Why do we care? Well there is a particular and a more general reason. The more general one is that the graphic blocks we use to represent the real world things have definitions and therefore the architect is supposed to select the most appropriate block to represent the real world thing based on the description. We can’t just choose anything otherwise we end up “head-modelling” where the verbal description we provide is not supported by the semantics of the model we’ve created (the model in our head is not the one on paper). If the description is wrong it might not be the right block to use (you wouldn’t represent ‘tank’ with a ‘tree’).

The particular reason is that we’ve a working group in TRAK looking to see if and how it is possible to extend TRAK to enable it to be used to address typical safety-related and security-related concerns. One of the starting points is therefore a review of general literature and particularly standards to identify the potential concepts or entities likely to be needed. In doing so we’ve found some potential problems with definitions.

A candidate entity is risk. What is a risk?

IEC 61508:2010

combination of the probability of occurrence of harm and the severity of that harm


Mishap Risk. An expression of the impact and possibility of a mishap in terms of potential mishap severity and probability of occurrence.


The net mission/business impact considering (1) the likelihood that a particular threat source will exploit, or trigger, a particular information system vulnerability and (2) the resulting impact if this should occur.

There is a common thread. Many other standards also have very similar forms of definition. None of these, however, defines what a risk actually is The analogy is defining force as the product of mass and acceleration - it tells us nothing of what force is. None of the above are therefore definitions of risk they just indicate how we might derive a metric for it. One of the principles in defining something has to be that the definition is independent of other variables or an implementation. In the above if risk didn’t involve probability of occurrence it would mean that the concept of risk itself had changed which isn’t true.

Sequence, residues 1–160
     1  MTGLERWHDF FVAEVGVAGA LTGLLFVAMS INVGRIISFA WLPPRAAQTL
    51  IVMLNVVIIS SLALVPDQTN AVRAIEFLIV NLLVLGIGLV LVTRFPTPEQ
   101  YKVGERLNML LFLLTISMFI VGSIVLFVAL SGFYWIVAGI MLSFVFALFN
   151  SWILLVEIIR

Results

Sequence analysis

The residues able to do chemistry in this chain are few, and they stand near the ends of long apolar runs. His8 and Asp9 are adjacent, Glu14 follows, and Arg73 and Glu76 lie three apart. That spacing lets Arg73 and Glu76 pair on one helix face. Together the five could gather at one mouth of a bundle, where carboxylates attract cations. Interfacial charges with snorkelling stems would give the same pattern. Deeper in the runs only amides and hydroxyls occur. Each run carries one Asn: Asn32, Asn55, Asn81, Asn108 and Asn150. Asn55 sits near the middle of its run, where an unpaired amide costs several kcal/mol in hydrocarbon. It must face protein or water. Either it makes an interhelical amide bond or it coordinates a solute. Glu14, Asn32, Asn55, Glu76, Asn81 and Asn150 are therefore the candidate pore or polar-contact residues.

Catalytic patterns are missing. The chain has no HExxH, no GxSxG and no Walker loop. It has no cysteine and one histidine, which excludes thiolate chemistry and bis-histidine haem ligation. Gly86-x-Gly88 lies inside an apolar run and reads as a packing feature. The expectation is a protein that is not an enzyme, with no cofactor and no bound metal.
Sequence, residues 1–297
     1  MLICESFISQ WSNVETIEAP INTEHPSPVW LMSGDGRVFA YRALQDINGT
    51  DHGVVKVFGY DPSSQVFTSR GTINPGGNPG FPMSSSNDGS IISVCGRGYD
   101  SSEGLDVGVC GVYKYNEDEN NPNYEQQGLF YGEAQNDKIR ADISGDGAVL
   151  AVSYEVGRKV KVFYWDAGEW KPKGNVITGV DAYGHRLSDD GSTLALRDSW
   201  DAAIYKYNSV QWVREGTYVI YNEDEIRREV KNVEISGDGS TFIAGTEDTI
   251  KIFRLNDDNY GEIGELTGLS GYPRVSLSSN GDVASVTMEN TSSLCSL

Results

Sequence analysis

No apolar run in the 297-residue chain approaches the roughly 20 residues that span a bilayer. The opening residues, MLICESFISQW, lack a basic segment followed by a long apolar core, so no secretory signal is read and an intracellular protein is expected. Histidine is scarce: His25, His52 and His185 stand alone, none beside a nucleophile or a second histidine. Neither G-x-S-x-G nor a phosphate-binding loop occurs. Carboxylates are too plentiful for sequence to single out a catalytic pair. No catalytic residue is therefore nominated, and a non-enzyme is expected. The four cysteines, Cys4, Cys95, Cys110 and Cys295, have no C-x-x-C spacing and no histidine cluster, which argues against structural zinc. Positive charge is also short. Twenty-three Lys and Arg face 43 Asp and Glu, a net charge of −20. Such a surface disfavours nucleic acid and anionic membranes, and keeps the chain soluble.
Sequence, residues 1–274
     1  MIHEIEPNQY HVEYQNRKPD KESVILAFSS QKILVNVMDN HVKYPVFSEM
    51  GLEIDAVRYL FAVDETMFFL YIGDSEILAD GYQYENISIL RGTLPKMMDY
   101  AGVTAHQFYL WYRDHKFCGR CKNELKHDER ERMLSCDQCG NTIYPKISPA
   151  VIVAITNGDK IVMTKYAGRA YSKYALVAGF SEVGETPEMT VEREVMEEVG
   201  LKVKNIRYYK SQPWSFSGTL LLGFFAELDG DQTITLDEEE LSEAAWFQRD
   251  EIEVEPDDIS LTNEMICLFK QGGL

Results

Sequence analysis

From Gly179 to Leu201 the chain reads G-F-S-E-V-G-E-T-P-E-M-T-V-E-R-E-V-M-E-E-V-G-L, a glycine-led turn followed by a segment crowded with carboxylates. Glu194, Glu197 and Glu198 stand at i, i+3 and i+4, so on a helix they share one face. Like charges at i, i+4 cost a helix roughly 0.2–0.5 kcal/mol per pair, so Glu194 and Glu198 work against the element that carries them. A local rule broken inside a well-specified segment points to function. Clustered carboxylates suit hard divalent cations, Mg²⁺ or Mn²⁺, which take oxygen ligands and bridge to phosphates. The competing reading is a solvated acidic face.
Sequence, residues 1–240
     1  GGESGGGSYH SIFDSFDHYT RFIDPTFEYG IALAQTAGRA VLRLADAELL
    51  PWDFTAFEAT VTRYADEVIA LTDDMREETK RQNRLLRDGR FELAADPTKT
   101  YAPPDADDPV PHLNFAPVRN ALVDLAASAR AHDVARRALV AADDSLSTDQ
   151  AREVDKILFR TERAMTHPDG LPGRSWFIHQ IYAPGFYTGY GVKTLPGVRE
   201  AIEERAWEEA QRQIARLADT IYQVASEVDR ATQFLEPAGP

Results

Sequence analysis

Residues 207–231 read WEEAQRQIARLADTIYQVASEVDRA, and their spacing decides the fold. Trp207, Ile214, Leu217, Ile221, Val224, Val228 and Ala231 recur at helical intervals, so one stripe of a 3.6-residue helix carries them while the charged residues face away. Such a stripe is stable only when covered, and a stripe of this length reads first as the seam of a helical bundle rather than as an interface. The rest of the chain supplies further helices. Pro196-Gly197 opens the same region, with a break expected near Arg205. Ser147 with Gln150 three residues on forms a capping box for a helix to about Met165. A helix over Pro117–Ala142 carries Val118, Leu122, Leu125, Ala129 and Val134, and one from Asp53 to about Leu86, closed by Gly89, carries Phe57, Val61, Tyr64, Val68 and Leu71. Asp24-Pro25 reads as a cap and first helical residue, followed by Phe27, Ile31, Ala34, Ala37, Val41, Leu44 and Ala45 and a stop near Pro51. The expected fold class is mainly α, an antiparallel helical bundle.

My dictionary provides:

a possibility of harm or damage

IEC 61508:2010 defines a Hazard:

potential source of harm [Guide 51 ISO/IEC:1990]..

’ which is fine but then in the note that follows it states ‘….for example, release of a toxic substance…’ which looks to be a hazardous event not a hazard.

All of this means that it is harder and takes longer than it should do to analyse and form a view of a pragmatic compromise because you have to examine every word and be selective in what you choose to accept and what you choose to reject. You cannot blindly assume that any standard is correct since it is as much the product of gaining consensus as it is the technical content. You have to be a skeptical enquirer and constantly challenge. Too often folks put such committees on pedestals and don’t stop and think.